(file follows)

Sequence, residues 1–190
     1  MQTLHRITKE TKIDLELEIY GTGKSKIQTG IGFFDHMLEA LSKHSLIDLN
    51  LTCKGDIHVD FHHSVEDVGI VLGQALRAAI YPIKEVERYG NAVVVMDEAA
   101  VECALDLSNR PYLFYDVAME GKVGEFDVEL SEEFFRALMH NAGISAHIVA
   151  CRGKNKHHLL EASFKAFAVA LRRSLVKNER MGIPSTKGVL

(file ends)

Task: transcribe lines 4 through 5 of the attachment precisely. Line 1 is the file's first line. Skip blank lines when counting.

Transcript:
   101  VECALDLSNR PYLFYDVAME GKVGEFDVEL SEEFFRALMH NAGISAHIVA
   151  CRGKNKHHLL EASFKAFAVA LRRSLVKNER MGIPSTKGVL